Fun is the best word to describe House II: The Second Story. It just reeks of fun. The acting is okay, the plot is thin, but dammit, I had tons of fun with this movie. It’s got adventure, horror, comedy and a few beautiful ladies in distress. Plus, a cameo from John Ratzenberger, as an electrician/adventurer, which comes so far out of left field, I can’t help but just take it for what it is and go along for this crazy, kick ass ride.
A fun filled horror comedy, that has nothing to do with the first movie, but has everything to do, with giving the viewer a childhood flashback, filled with decaying Grandfathers, cute monsters, hot women and an undead Cowboy out for revenge. What more can you ask for?
Much like the House Blu-ray, House II: The Second Story also has some framing issues, but I felt it wasn’t as noticeable this time around. A few scenes are noticeably shifted off centre, but nothing jumps out at you enough to be distracted by it. I did read a few complaints about a light leak type issue on the right-hand frame for roughly 30 minutes or so, but honestly, the issue isn’t enough to even muster a fart up over. The film has been lovingly restored from previous releases, and caps-a-holic once again provides the info you need to see how good it looks (or how off centred if you are so inclined):
Audio options provided for House II is a Dual Mono option, which I watched the movie in and didn’t have any issues with, but I do have to wonder what exactly Dual Mono is? Might have to do some research on it. Also provided is a 5.1 audio option.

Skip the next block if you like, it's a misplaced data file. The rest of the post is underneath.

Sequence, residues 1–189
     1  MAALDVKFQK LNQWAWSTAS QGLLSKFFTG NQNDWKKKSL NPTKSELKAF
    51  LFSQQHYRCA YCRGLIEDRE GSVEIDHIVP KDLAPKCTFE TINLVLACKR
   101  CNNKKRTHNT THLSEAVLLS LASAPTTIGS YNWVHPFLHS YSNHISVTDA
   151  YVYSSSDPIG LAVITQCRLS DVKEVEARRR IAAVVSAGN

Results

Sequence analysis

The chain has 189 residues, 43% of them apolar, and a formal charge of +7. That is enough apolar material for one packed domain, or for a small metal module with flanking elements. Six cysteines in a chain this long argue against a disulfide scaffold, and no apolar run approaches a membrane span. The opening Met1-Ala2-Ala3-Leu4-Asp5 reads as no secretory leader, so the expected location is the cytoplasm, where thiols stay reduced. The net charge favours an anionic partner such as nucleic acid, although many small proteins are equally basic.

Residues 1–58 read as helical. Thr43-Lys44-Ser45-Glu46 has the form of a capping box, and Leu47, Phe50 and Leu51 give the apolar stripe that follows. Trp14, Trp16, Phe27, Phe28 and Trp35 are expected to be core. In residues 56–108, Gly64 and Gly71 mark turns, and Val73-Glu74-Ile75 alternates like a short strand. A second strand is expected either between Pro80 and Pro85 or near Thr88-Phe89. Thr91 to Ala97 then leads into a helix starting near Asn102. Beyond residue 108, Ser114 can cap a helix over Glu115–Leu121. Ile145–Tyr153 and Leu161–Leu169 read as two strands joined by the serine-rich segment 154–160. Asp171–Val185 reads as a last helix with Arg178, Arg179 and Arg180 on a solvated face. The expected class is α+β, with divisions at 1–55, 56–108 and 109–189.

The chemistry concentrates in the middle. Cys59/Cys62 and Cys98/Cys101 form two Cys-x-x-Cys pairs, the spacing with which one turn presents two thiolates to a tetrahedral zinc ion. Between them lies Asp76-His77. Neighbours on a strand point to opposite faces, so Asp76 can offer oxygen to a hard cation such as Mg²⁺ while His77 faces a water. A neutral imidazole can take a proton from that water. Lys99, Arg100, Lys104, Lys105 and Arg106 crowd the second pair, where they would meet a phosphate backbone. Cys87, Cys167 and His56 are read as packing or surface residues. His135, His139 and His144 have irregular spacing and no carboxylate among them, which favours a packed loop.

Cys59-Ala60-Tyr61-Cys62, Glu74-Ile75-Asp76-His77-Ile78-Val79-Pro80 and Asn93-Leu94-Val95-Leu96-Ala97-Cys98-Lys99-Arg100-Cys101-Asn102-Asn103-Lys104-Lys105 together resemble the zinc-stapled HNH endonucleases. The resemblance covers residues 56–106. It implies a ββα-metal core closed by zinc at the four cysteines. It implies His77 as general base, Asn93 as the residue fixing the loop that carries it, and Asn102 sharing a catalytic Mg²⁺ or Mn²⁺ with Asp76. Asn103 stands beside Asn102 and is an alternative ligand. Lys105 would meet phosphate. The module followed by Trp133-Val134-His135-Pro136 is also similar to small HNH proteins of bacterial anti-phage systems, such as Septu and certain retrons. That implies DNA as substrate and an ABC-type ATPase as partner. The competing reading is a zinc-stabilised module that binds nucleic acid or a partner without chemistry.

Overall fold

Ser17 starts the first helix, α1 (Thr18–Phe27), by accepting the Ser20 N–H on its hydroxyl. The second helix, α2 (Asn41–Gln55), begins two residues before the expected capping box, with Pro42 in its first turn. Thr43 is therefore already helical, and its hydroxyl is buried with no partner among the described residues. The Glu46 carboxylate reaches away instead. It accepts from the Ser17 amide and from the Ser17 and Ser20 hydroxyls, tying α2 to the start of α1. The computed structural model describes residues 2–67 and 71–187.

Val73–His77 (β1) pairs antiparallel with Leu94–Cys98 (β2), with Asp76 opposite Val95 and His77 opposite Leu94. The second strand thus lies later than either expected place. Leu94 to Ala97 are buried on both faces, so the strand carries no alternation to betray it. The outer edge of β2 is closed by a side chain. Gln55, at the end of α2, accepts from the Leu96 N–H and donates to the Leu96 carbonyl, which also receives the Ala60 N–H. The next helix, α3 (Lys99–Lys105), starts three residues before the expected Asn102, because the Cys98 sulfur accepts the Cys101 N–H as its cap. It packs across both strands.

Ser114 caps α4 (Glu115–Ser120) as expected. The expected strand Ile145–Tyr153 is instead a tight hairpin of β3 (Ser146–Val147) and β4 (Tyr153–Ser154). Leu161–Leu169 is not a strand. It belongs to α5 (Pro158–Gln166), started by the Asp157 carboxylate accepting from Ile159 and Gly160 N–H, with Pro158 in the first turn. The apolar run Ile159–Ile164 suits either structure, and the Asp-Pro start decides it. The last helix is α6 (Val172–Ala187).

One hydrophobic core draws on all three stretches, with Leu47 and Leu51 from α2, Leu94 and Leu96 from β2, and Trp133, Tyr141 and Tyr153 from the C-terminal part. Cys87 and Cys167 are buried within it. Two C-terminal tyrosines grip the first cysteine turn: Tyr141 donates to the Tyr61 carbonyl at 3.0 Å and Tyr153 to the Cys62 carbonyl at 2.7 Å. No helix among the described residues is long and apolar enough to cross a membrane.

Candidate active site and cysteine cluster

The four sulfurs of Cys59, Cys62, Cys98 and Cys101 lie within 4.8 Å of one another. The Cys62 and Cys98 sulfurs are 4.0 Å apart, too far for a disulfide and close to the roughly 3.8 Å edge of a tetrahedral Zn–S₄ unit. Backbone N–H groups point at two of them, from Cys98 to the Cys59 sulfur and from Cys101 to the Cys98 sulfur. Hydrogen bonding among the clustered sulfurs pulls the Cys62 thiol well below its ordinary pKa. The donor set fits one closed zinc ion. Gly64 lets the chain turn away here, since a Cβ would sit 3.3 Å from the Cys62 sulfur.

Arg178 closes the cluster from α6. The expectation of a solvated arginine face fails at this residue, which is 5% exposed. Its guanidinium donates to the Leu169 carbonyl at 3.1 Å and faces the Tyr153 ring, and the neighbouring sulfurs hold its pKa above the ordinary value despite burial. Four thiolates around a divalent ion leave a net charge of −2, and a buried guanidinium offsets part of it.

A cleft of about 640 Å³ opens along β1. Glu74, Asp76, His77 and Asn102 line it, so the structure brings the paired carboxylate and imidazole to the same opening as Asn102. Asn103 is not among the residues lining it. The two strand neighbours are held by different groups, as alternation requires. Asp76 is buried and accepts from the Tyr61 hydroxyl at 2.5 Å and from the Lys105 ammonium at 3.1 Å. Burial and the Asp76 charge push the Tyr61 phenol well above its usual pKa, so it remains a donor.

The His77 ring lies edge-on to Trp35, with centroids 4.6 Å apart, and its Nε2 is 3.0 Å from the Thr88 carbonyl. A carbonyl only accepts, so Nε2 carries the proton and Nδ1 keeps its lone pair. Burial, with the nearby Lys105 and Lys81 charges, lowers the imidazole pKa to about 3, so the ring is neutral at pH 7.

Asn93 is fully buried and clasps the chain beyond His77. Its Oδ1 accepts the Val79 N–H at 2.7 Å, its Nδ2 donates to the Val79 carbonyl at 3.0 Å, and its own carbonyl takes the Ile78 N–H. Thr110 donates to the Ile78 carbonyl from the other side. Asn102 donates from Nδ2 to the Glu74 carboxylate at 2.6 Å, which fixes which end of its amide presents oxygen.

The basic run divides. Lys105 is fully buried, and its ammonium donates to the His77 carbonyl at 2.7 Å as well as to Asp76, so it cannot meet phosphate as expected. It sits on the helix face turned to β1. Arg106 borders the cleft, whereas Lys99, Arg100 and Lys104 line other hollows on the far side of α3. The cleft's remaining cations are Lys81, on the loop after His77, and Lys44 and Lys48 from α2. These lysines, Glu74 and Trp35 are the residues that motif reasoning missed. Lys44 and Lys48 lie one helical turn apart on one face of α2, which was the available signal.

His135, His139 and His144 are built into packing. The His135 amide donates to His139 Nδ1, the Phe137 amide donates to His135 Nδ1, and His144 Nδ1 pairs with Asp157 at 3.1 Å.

Just like House, House II: The Second Story gets an almost hour long documentary with the cast and crew, which is just as enjoyable as the first movie’s feature. It comes clear that a few of the people involved were disappointed over the success of the film and how it turned out, but I honestly don’t see any reason to be saddened. Yes, the film wasn’t a blockbuster success, but appreciate what you did and all the people that you affected with this loveable film. Also included is a vintage making-of, still gallery, trailer, TV spot and audio commentary with director Ethan Wiley and producer Sean S. Cummingham.
Would I have loved to get my grubby little hands on the bigger boxed set from Arrow Video that featured all four movies? Well, yeah, but am I glad I have this one? Damn right I am glad, and you will be glad as well. The two films included can arguably be considered the best in the series and the booklet provided is outstanding at going through each film in rich detail. The features on the movies are highly informative and quite a bit of fun to sit through. Will the framing issues be bothersome for some viewers? Most definitely, but not enough to distract from plopping down your money on this fantastic set. Pick it up!
LIMITED EDITION CONTENTS
ASPECT RATIO: 1.85:1
AUDIO: DTS-HD Master Audio 5.1, LPCM 2.0 (House II), LPCM Mono
RATING: R, PG-13
PRODUCTION DATE: 1985, 1986
RELEASE DATE: April 11, 2017